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When a boil turns into an abscess (large collection of pus), it might need to opened, drained, cleaned and then packed in order for it to heal, called an incision and drainage. This might be done by an emergency medicine (EM) doctor or by a surgeon in the operating room (OR). This is a painful procedure so it is often done in the OR.
- Most simple boils can be treated at home. Ideally, the treatment should begin as soon as a boil is noticed. Early treatment may prevent later complications. The primary treatment for most boils is heat application, usually with hot soaks or hot packs. Hot soaks or hot packs are generally either hot towels or heated packs containing sodium acetate and water. The heated pack, which is purchased at a pharmacy or retail outlet, is placed in a microwave for a few minutes to retain enough heat for application to the affected site. Heat application increases the circulation to the area and allows the body to better fight off the infection by bringing antibodies and white blood cells to the site of infection.
- Soaking the abscess in a tub of hot water is often recommended by healthcare providers. This works well if the abscess is on the hand or lower arm. Soaking in hot water mixed with Epsom® salts can also be used. Make sure the water is hot, but not so hot that it burns the skin. In abscesses on the face and under the arms, hold a hot, wet wash cloth over the abscess. Soaking at least three to four times a day, 10-15 minutes each time, is recommended by healthcare providers.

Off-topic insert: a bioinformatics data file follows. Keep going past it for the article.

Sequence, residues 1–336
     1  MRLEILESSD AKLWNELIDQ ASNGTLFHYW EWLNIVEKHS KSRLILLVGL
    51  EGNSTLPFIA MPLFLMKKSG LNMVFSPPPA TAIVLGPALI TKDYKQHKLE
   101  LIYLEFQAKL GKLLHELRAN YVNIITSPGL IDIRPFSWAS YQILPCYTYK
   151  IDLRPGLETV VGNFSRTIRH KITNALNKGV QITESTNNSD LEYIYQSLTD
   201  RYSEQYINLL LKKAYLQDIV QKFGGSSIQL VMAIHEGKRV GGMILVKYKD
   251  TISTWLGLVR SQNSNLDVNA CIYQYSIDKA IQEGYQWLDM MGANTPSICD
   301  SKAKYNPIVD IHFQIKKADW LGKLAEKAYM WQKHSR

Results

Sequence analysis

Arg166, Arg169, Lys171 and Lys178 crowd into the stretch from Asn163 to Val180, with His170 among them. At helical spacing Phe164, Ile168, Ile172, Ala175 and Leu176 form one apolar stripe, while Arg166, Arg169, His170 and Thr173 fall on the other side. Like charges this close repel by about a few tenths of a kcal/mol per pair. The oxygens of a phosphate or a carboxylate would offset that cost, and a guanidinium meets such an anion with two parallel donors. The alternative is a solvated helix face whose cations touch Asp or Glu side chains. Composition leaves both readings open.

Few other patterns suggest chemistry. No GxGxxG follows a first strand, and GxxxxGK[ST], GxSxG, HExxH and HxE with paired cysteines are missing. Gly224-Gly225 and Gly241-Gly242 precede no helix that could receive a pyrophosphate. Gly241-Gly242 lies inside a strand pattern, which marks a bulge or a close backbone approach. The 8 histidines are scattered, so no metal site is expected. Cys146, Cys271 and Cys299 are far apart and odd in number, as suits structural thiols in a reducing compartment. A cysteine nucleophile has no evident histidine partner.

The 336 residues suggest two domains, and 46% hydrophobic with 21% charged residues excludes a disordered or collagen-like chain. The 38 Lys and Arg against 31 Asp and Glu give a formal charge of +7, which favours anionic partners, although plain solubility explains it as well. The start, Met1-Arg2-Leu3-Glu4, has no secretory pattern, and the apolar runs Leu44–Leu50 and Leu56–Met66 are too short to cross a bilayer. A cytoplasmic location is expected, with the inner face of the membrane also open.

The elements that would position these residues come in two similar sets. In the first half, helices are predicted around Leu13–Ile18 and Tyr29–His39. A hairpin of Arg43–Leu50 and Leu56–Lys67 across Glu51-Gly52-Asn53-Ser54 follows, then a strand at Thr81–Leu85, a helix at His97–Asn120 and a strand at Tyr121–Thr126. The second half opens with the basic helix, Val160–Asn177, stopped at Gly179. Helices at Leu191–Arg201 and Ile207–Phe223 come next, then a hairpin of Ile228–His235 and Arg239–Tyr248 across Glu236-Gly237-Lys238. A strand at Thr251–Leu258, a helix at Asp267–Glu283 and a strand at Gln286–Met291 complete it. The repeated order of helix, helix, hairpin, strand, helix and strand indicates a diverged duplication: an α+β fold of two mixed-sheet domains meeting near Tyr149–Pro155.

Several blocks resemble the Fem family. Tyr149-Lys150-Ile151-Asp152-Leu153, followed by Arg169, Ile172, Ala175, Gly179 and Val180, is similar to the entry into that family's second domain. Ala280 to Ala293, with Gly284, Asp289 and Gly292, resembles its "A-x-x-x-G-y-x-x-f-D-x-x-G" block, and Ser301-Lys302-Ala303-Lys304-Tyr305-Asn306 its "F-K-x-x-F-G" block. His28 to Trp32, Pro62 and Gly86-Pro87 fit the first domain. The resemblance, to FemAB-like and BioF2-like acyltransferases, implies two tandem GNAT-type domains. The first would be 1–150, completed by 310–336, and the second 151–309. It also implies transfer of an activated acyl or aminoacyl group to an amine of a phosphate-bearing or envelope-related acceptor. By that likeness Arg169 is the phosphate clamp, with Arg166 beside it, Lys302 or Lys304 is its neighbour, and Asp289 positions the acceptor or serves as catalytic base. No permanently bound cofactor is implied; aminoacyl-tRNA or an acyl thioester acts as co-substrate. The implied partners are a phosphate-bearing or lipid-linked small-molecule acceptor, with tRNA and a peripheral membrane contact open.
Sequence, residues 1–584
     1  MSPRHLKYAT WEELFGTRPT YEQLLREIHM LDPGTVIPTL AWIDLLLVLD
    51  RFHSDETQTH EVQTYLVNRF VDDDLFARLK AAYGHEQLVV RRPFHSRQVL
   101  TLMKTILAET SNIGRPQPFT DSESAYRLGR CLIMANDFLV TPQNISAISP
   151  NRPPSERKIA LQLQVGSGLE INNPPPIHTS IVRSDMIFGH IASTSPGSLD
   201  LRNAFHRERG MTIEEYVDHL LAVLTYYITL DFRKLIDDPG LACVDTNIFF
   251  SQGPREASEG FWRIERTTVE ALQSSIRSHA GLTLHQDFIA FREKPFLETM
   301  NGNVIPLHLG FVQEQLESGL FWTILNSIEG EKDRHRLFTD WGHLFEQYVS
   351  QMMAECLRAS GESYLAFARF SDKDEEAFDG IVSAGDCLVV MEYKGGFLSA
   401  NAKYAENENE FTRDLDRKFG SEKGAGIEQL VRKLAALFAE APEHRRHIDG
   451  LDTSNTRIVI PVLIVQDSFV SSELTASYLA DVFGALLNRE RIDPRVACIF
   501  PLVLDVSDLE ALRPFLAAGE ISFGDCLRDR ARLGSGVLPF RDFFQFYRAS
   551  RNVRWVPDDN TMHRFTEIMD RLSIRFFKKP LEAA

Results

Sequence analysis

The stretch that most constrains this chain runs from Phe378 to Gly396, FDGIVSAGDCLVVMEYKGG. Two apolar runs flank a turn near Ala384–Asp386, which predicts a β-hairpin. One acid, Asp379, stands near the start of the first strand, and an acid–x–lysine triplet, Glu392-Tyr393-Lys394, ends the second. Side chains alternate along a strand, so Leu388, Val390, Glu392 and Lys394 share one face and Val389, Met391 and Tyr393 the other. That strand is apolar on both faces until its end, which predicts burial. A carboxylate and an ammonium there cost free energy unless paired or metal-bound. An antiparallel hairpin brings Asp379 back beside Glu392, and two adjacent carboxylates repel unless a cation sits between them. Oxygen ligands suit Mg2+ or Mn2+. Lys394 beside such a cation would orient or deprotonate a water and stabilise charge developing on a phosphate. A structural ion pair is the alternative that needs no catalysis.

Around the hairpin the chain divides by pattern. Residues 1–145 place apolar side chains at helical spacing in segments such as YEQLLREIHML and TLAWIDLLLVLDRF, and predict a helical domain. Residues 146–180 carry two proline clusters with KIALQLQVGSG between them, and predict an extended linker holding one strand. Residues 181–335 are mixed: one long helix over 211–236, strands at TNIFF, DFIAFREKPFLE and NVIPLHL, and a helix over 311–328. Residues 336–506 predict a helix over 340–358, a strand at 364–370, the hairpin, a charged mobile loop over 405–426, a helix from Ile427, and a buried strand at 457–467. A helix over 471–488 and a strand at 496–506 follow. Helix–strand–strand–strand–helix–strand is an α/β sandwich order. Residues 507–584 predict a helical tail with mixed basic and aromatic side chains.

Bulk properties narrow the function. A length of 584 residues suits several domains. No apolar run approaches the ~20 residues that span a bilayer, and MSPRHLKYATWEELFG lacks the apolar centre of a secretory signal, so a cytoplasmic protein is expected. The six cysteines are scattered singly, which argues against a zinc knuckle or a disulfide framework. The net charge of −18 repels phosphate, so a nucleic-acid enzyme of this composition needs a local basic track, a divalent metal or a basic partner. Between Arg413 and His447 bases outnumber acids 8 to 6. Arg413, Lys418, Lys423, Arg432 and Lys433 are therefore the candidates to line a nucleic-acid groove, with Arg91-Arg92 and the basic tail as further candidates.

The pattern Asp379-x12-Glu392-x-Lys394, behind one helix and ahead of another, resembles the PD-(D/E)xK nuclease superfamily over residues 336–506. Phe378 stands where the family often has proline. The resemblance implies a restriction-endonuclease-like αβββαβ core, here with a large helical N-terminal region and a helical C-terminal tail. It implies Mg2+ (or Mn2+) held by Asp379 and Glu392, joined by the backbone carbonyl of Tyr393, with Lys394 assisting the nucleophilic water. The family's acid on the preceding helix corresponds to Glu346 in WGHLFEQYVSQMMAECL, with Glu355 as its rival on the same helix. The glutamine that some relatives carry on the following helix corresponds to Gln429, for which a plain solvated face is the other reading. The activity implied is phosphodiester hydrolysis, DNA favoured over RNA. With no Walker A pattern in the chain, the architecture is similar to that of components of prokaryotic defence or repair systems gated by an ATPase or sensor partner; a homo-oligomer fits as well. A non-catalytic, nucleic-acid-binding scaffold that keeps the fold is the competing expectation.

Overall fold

Medical treatment: A doctor should be seen if the abscess or boil becomes extremely painful, very large, has not healed in two weeks, or is accompanied by a fever. Doctors should see individuals with frequent boils or those with red lines radiating from the boil, which may be a sign that the infection has entered the bloodstream. On occasion, and especially with larger boils, the larger boil will need to be drained or lanced by a healthcare provider. Frequently, these larger boils contain several pockets of pus that must be opened and drained.
Antibiotics: Antibiotics, such as amoxicillin (Amoxil®) and tetracycline (Vibramycin®), are often used to eliminate the bacterial infection.
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